What is the longest place name in the world?
There is a hill in New Zealand which protrudes from the land to a height of 305 meters. It is located close to Porangahau, south of Waipukurau in southern Hawke’s bay. The hill has been given the Maori name Taumatawhakatangihangakoauauotamateaturipukakapikimaungahoronukupokaiwhenuakitanatahu which The Guinness Book of World Records has listed as the longest place-name in the world.
In total the name uses a whopping 85 characters and a ton of practice to pronounce it correctly. The hills claim to fame is its long name. Besides that it’s a pretty ordinary hill. Most of the time to make things easier the name is shortened to Taumata.
Meaning of the name
The rough translation of the name “Taumatawhakatangihangakoauauotamateaturipukakapikimaungahoronukupokaiwhenuakitanatahu” is “The summit where Tamatea, the man with the big knees, the slider, climber of mountains, the land-swallower who traveled about, played his nose flute to his loved one”.
There are also a couple over versions of the name, longer and shorter than this one that have slightly different meanings again.
The name was given to the hill by the local Maori people, Ngati Kere to celebrate their ancestor Tamatea Pokai Whenua. During his life, Tamatea became a famous chief and warrior. The long name was established through different happenings in his life. Turipukaka-pikimaunga-tahu was given through his many raids and wanderings and he was such a huge muscular man, that his name suited him.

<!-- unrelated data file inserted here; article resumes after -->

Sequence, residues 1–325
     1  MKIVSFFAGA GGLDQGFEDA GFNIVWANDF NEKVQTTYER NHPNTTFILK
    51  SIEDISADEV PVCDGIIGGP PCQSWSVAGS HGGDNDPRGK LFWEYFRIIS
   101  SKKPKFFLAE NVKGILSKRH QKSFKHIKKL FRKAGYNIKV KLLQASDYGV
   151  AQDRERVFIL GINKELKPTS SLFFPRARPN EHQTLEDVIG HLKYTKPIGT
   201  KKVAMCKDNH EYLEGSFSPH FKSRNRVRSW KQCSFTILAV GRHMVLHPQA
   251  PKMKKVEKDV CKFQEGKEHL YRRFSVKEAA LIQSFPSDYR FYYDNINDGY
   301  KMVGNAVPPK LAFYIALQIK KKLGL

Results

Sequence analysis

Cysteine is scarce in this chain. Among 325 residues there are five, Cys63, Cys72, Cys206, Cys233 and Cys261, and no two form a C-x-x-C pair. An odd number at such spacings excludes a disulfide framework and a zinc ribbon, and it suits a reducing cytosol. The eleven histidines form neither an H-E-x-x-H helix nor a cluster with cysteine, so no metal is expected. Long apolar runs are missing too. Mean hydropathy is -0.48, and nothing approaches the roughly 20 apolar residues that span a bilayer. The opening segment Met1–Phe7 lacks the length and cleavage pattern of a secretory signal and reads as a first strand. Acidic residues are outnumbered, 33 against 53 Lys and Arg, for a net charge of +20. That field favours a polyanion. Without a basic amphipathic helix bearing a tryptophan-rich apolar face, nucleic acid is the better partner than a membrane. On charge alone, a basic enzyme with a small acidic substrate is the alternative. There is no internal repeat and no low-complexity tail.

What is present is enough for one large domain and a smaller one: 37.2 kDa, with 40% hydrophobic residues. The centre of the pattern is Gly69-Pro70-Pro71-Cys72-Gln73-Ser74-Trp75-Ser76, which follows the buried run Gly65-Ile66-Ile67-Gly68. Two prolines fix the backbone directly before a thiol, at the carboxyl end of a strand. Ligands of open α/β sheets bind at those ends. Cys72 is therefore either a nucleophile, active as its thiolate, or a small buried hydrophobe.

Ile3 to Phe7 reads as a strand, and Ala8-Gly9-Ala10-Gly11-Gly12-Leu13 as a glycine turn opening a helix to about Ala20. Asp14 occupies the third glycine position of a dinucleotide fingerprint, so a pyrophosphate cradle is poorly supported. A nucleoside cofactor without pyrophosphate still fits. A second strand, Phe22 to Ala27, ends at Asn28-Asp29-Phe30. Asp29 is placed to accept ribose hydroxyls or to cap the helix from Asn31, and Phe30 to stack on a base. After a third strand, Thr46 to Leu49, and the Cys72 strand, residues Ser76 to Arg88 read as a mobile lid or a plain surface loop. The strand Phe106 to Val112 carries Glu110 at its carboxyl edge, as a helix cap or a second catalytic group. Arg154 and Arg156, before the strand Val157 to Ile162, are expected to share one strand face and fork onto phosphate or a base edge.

Legend suggests that while traveling through the back of Porangahau, Tamatea ran into the Ngati-Hine tribe and had to fight to get past them. During this battle his brother was killed. The battle is known as the Matanui battle.
After his brother’s death Tamatea was so saddend that he stayed in that place for a long time. Each morning he would sit on the knoll and play his Lament on what is called Koauau or Maori flute.
Hence the name Taumata-whaka-tangihanga-koauau-o-Tamatea-turi-pukaka-pikimaunga-horonuku-pokai-whenua-kitana-tahu, which means ‘The hilltop where Tamatea with big knees, conqueror of mountains, eater of land, traveller over land and sea, played his koauau to his beloved.’
If you do venture to the top of the hill, one can see the peak of the Te Awa Putahi, the spiritual ancestral mountain claimed by Ngati kere. If you cast your vision to the west looking inland, the long flat peak of Raekatia, the spiritual mountain there is a pinnacle called — Tetaumatawhakatangihangakoauauorangitane to celebrate Rangitane, the eponymous ancestor of the Tamaki Nui a Rua district.